It all began in 1973 when gasoline shortages set people worrying about the price of fuel. That’s when Joseph FitzGerald found a niche for his 1965 discovery of the benefits of changing the shape of the upper portion of the trailer front wall. Sales manager for Carrier Transicold in 1965, FitzGerald suggested relocating the refrigeration evaporator to the outside front wall of the trailer as a way of providing his customers with more cargo space. Traditionally mounted inside the trailer, engineers for Transicold created a new design mounting the evaporator outside the trailer front wall. The original design encased the evaporator within a rectangular box and FitzGerald further suggested cutting the corners of the box at an angle to improve aerodynamics. Road testing of the new design brought to light unanticipated benefits, the driver reported he believed the trailer pulled better than before and that mileage had improved. FitzGerald’s suggestion proved to benefit two-fold, increasing available cargo space and reducing trailer drag.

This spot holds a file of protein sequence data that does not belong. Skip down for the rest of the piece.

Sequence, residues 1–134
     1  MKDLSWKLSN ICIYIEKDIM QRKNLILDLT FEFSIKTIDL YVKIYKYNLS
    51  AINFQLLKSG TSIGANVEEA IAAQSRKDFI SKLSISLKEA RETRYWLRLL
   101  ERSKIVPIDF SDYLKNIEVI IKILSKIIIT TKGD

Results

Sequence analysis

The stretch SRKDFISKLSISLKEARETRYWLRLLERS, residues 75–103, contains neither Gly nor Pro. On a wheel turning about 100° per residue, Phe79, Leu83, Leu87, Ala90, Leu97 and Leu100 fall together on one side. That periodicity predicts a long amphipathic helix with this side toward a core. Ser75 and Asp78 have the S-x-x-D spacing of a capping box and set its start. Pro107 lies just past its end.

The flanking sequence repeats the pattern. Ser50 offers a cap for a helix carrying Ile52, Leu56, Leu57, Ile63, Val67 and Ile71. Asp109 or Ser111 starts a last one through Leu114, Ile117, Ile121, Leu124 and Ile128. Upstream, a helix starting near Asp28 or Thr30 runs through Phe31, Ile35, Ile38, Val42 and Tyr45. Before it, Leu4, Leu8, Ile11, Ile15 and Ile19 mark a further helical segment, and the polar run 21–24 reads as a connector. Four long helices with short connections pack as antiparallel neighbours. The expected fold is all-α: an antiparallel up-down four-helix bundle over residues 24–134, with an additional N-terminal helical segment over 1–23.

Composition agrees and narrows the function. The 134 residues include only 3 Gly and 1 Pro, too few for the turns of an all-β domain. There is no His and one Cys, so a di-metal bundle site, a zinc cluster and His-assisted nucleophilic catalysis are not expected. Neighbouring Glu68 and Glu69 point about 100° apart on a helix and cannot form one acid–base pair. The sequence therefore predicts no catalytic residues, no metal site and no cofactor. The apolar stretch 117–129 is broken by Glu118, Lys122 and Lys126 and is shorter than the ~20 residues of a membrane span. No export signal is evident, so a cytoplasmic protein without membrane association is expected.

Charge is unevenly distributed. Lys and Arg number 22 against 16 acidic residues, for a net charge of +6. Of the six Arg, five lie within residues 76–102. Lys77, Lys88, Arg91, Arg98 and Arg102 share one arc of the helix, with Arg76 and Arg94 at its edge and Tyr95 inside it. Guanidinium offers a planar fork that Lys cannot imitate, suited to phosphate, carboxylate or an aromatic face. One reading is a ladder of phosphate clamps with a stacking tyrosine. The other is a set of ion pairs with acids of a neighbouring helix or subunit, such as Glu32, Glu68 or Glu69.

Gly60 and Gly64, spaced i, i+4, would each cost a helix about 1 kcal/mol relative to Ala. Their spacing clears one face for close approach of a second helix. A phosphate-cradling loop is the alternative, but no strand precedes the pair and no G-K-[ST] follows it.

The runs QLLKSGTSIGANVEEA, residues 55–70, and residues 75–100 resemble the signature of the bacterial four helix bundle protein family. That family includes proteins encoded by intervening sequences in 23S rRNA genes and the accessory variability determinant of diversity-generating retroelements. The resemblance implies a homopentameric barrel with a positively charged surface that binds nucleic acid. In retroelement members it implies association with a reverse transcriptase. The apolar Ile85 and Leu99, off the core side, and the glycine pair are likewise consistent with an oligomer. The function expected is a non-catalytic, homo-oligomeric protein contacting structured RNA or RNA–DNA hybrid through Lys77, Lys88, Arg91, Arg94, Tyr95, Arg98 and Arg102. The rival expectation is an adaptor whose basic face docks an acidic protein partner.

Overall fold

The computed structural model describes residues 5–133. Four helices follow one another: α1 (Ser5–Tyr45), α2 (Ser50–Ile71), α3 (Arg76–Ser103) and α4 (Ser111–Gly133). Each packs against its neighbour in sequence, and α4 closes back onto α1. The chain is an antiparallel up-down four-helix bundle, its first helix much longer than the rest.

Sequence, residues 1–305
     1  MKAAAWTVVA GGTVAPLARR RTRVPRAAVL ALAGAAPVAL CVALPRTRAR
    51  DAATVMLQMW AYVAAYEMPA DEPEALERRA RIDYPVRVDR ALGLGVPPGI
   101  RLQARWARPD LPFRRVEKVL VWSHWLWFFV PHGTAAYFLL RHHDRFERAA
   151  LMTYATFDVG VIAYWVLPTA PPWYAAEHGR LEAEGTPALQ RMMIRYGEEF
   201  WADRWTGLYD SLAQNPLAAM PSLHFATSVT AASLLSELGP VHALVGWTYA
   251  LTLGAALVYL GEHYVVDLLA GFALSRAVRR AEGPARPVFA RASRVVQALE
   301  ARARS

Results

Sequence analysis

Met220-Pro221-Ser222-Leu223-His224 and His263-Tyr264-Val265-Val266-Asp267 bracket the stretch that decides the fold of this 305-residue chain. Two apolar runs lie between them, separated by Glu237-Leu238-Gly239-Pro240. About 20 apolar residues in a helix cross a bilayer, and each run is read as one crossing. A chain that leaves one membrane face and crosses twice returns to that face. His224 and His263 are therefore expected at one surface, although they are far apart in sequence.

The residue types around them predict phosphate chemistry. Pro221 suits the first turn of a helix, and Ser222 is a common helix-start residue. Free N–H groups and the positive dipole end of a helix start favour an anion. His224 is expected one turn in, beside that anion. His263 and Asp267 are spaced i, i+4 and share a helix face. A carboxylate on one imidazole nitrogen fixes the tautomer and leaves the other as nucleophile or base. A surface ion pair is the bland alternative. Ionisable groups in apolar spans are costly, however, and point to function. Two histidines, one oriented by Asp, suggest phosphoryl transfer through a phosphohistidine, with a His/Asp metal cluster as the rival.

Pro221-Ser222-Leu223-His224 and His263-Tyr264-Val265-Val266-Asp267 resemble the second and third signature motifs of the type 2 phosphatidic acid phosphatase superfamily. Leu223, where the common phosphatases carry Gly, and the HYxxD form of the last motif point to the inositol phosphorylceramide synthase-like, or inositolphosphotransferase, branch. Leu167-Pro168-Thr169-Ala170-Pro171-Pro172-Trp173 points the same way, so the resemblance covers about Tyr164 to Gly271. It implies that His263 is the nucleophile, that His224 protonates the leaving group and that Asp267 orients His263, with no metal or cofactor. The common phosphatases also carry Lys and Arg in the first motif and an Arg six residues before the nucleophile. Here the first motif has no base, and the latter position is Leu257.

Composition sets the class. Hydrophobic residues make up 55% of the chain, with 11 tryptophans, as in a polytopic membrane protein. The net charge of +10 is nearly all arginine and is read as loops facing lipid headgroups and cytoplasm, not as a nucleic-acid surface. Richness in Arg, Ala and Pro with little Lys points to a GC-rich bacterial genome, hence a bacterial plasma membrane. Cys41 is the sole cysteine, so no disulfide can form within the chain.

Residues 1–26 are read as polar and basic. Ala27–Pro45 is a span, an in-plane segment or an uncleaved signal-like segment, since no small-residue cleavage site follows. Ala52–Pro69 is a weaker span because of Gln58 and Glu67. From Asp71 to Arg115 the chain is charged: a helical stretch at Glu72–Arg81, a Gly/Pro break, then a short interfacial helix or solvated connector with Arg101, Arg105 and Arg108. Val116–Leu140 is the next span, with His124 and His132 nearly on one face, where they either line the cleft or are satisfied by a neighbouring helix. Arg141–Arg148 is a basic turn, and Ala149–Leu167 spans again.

FitzGerald consulted with leading aerodynamicists to perfect his discovery, but it was not until the oil embargo of 1973 that the industry saw a need to reduce fuel usage. And when they did, FitzGerald was ready and that’s when his sales experience paid off. FitzGerald single handedly let the nation know that changing the trailer shape would mean big dollar savings and he did it one door at a time. He became the founding father of the world’s first production aerodynamic add-on for trailers and with his son, Jim FitzGerald, trained expert in mold development, they went on to develop over 145 different aerodynamic configurations.